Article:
Prof. Frank MacKinnon, in his landmark study, The Crown In Canada (Glenbow Alberta Institute, 1976), notes that "heredity permits apprenticeship." Heredity, he writes, has not been kept around for the sake of privilege; rather, it has been kept around for practical purposes, an argument which in my opinion holds far more water than those dealing with "custom," "history," or "tradition."
“For a prime minister in country with a constitutional sovereign,” writes Prof. MacKinnon “the latter is a remarkable official with useful experience which no one else can command. Born and trained to the job, he is usually well acquainted with public men throughout the world, privy to what goes on behind the scenes in government, informed on the successes and mistakes of countless officials, knowledgeable on public issues and how they are handled, informed on public opinion, completely independent of politics, and without ambition for higher office because there is none.”
Heredity also ensures that the headship of state remains "completely independent of politics." While I realise that this argument has become something of a monarchist cliche, it makes a good deal of sense. Canadian republicans often seem to suggest that an ideal Canadian president could come about through a nation-wide popularity contest. The only requirements would be that they live here and conform to all of the right "Canadian" stereotypes. We would thus end up with an overtly-ambitious politician or a popular, but otherwise inexperienced celebrity as our head of state.
"Constitutional monarchy," writes Michael Valpy, "is about stability. “The king is dead, long live the king.” One sovereign dies, and the title passes to the next one in line to become the personification of the state and the person in whose name the state acts. For Canada and 15 other countries, Charles is next in line to succeed his mother. Start playing around with the succession – we like this person, we don’t like that person – and the core value of stability is undermined. Suddenly, the person becomes a political choice backed by factions. Bleh."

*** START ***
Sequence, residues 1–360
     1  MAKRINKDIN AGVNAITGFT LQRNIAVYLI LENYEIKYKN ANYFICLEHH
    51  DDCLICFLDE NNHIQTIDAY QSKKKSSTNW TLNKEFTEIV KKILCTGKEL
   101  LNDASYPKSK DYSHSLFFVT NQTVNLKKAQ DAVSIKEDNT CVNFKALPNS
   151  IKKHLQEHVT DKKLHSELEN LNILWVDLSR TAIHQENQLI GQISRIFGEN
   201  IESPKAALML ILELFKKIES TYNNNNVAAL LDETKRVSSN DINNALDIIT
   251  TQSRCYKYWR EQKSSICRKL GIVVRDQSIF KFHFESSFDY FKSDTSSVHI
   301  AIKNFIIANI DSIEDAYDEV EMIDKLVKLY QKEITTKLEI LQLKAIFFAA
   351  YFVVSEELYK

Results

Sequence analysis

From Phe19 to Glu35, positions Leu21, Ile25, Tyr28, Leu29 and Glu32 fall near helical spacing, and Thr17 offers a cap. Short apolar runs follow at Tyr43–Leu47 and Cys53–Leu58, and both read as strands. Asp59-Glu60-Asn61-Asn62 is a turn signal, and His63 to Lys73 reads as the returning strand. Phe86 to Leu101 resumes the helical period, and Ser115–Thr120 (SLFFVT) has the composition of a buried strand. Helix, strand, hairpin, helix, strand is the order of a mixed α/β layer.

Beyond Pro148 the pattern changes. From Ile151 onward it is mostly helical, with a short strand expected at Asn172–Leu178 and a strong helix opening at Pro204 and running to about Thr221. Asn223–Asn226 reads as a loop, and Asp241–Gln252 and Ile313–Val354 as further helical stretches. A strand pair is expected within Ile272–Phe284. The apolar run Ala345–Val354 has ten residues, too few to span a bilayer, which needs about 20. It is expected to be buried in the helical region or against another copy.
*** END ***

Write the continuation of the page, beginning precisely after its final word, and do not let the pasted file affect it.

This last point is crucial. In almost every republic, the president is chosen through some kind of preselection process. More often than not, the winning candidate is chosen only because he or she is politically-acceptable to the government of the day (a situation that is common in countries like Germany, India, and Italy, all of which have mainly "ceremonial and symbolic" presidents). "The sovereign," writes Prof. MacKinnon, "must be non-partisan; election tends to give a head of state a partisan image and thereby fragments the public support he should have." Groups like Citizens For A Canadian Republic need to understand that the apolitical headship of state to which Canadians have become accustomed risks being politicized in their quest to establish a "purely Canadian" system.
I'm sure that those who are unhappy with the hereditary system would be just as unhappy with a system in which they had to declare a political preference for a supposedly apolitical position. No system is perfect, but our constitutional monarchy has worked rather well for almost a hundred and fifty years. Changing it on the sole basis of petty nationalism would be unnecessarily silly.